Learn to recognize & accept your emotions
Emotional awareness provides you the tools for understanding both yourself and other people, and the real messages they are communicating to you. Although knowing your own feelings may seem simple, many people ignore or try to sedate strong emotions like anger, sadness, and fear. But your ability to communicate depends on being connected to these feelings. If you’re afraid of strong emotions or if you insist on communicating only on a rational level, it will impair your ability to fully understand others, creatively problem solve, resolve conflicts, or build an affectionate connection with someone.
How emotional awareness can improve effective communication
Emotional awareness—consciousness of your moment-to-moment emotional experience—and the ability to manage all of your feelings appropriately is the basis for effective communication.
Emotional awareness helps you:
- Understand and empathize with what is really troubling other people.
- Understand yourself, including what’s really troubling you and what you really want.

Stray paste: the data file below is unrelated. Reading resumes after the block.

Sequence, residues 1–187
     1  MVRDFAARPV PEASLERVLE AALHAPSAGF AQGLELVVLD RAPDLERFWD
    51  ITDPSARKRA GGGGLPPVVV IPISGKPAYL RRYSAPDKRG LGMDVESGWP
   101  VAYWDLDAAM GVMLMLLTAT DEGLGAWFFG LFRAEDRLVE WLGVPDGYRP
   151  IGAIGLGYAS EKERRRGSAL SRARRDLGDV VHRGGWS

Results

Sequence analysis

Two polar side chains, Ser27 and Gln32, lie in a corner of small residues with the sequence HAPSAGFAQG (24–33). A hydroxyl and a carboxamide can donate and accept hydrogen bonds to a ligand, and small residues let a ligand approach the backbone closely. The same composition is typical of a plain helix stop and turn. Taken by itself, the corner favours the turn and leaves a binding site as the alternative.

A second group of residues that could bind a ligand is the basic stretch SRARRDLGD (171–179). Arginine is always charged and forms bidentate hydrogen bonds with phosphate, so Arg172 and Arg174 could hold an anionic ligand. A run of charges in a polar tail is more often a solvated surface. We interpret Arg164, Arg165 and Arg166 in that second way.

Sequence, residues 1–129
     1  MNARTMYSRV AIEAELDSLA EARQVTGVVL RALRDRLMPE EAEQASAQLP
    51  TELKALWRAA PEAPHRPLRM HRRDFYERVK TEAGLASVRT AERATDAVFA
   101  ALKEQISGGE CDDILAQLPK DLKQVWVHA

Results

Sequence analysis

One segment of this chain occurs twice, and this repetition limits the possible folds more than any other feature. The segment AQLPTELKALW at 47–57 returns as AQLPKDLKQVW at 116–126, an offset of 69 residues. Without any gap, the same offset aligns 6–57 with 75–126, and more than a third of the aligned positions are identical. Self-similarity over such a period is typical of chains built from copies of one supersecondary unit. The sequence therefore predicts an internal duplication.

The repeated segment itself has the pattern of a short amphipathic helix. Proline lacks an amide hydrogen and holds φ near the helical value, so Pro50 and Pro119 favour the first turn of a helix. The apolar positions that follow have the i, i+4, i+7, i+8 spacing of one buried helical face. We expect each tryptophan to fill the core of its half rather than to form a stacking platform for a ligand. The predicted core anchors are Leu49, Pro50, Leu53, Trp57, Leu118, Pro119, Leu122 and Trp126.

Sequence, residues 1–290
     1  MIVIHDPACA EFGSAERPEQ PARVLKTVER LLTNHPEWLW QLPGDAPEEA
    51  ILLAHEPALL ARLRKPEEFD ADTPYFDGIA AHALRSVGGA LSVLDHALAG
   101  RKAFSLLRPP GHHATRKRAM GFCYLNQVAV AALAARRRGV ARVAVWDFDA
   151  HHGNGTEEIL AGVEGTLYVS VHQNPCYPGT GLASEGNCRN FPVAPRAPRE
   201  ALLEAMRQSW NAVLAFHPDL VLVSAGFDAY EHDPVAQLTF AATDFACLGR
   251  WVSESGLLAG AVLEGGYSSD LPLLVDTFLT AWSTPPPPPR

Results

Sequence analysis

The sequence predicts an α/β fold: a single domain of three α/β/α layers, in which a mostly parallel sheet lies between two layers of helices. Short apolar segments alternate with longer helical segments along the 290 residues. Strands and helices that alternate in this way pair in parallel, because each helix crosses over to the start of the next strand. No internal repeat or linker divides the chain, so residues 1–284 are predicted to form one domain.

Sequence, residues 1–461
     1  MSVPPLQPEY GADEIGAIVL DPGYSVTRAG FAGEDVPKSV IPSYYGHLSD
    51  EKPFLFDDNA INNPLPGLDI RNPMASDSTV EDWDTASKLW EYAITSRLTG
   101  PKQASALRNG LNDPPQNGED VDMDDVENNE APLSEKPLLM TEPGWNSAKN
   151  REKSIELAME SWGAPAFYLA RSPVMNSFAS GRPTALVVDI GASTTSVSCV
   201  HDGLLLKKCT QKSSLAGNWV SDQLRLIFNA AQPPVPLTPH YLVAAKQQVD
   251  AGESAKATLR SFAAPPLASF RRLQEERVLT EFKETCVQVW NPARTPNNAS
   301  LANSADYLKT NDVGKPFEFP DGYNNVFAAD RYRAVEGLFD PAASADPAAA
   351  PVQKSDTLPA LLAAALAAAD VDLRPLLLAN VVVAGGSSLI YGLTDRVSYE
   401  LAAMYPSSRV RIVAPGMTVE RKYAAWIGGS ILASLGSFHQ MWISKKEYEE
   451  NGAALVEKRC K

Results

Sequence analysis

- Stay motivated to understand and empathize with the person you’re interacting with, even if you don’t like them or their message.
- Communicate clearly and effectively, even when delivering negative messages.
- Build strong, trusting, and rewarding relationships, think creatively, solve problems, and resolve conflicts.
Effective communication requires both thinking and feeling
When emotional awareness is strongly developed, you’ll know what you’re feeling without having to think about it—and you’ll be able to use these emotional cues to understand what someone is really communicating to you and act accordingly. The goal of effective communication is to find a healthy balance between your intellect and your emotions, between thinking and feeling.
Emotional awareness is a skill you can learn
Emotional awareness is a skill that with patience and practice can be learned at any time of life. You can develop emotional awareness by learning
how to get in touch with difficult emotions and manage uncomfortable feelings, including anger, sadness, fear, disgust, surprise, and joy. When you know how to do this, you can remain in control of your emotions and behavior, even in very challenging situations, and communicate more clearly and effectively.